Harvard Management Company has a new website. There you will find a description of their new investment approach.
HMC’s generalist investment model breaks down silos among asset classes to search the world for the most attractive risk-adjusted returns. A central tenet of our investment culture is a belief that a disciplined set of processes, practiced by a capable and experienced team, will generate superior long-term results.
We are keenly focused on building processes—and supporting analytics—and executing them consistently. We combine these processes with a partnership culture in which the collective team engages in focused debates about investment opportunities both within asset classes and across the investment universe. The result is an investment team with a singular focus: the performance of the overall endowment.
But the school newspaper noticed that it lacked any comment on divestment.
Harvard divested from the tobacco industry in 1990 and companies tied to the Sudanese government in 2005. The school also withdrew some of its investments from firms that conducted business with the South African apartheid government in the 1980s. In those cases, Harvard divested its own direct holdings, but not those held in externally managed funds, which make up a significant portion of their holdings.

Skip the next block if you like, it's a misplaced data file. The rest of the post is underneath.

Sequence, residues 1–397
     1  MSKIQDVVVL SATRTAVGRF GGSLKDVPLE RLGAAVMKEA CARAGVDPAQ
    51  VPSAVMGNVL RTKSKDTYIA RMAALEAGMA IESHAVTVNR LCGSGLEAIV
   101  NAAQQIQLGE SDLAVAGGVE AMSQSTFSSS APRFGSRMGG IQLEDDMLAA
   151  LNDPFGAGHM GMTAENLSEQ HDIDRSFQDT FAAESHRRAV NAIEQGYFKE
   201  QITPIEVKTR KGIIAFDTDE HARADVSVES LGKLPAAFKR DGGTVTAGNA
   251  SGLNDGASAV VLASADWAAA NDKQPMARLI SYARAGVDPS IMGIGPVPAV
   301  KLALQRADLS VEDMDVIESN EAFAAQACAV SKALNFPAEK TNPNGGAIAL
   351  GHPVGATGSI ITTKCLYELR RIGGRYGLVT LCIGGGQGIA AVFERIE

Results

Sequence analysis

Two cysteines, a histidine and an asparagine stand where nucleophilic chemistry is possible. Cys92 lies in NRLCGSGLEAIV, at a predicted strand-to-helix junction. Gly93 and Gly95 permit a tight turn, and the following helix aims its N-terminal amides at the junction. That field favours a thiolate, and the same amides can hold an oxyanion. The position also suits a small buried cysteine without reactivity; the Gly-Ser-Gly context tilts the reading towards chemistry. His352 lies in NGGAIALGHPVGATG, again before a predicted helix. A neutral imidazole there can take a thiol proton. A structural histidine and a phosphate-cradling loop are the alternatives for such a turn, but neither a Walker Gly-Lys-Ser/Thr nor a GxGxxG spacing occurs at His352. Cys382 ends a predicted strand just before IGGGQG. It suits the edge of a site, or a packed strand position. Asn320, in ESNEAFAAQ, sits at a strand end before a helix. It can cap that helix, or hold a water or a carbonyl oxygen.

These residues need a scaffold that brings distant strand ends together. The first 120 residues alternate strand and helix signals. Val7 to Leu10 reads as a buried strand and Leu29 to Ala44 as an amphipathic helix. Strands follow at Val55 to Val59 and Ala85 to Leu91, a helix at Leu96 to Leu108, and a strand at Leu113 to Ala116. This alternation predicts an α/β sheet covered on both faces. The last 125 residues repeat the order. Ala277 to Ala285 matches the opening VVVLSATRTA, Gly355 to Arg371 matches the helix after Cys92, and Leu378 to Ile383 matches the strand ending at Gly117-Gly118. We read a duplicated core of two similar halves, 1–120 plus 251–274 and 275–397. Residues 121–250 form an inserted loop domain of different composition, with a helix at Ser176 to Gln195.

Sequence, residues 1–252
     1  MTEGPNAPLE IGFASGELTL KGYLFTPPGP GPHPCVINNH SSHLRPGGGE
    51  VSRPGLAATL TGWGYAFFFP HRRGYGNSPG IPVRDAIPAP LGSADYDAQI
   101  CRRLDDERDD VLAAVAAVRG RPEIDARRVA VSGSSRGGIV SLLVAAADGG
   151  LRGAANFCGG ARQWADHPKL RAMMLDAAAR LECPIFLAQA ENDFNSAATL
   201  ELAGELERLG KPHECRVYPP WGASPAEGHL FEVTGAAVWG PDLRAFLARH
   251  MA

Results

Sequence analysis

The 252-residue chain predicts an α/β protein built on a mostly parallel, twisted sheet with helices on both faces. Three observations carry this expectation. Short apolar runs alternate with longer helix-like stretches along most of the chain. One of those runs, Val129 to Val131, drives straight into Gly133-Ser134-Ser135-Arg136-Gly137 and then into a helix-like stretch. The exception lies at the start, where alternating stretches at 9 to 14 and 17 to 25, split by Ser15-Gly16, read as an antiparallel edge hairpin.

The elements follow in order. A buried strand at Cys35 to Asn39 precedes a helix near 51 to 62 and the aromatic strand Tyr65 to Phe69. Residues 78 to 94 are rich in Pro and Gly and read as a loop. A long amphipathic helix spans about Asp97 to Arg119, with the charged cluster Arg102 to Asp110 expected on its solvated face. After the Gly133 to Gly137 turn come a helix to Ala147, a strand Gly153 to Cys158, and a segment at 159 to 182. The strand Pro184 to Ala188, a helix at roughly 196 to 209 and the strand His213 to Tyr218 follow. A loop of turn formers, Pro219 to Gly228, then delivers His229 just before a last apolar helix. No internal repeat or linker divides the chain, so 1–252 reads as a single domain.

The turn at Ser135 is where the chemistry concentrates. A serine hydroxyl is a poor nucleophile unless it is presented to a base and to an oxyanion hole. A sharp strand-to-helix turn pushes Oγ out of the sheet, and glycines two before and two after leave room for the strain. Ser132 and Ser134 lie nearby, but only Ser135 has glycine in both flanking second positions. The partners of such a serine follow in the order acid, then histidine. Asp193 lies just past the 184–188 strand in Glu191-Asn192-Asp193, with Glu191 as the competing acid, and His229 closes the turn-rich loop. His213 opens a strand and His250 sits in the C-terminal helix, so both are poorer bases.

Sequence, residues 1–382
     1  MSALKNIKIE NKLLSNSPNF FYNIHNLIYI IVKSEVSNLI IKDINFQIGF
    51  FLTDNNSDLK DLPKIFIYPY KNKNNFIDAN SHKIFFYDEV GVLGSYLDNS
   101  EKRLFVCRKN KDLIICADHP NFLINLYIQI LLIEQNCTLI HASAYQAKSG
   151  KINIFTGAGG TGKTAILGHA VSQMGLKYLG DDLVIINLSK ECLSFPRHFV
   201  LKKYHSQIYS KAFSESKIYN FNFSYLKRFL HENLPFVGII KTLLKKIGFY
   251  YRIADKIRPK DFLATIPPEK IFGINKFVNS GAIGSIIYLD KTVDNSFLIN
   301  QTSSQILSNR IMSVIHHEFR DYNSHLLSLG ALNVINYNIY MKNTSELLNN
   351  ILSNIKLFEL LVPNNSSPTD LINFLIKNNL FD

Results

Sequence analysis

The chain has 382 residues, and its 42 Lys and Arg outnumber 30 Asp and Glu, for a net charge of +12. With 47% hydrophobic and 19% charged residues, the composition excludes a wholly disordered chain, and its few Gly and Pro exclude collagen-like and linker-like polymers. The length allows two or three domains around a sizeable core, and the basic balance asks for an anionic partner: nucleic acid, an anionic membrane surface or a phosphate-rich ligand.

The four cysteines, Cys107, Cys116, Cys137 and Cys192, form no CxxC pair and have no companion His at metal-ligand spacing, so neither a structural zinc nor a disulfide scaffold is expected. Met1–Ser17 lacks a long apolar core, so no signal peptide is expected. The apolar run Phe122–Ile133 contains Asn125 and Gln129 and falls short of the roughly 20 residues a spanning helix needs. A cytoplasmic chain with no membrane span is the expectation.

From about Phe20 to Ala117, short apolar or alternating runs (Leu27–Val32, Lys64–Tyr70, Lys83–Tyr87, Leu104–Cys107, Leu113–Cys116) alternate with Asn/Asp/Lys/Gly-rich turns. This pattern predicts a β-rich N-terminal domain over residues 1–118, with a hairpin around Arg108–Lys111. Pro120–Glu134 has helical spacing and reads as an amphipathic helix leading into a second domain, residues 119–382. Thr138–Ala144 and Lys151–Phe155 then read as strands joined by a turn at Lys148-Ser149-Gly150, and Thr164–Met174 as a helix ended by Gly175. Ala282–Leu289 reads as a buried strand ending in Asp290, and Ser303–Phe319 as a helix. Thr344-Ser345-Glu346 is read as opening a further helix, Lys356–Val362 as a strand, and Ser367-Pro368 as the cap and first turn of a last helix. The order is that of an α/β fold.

The new website, however, does not contain any references to divestment.
Instead, it is the University President who is explaining the school’s current policy on divestment.
Bacow also explained how previous instances of divestment — such as the University’s divestment from the tobacco industry in 1990 — differ from fossil fuels. He said that tobacco divestment included a complete ban on interacting with tobacco across all spheres of the University, including barring it from campus and prohibiting research funded by tobacco companies in Harvard labs. He said this sort of full-scale divestment is not possible for fossil fuels.
“The day after, if we were to divest, we’re still going to turn on the lights,” Bacow said. “We would still be dependent on fossil fuels.”
Post by Marcelino Pantoja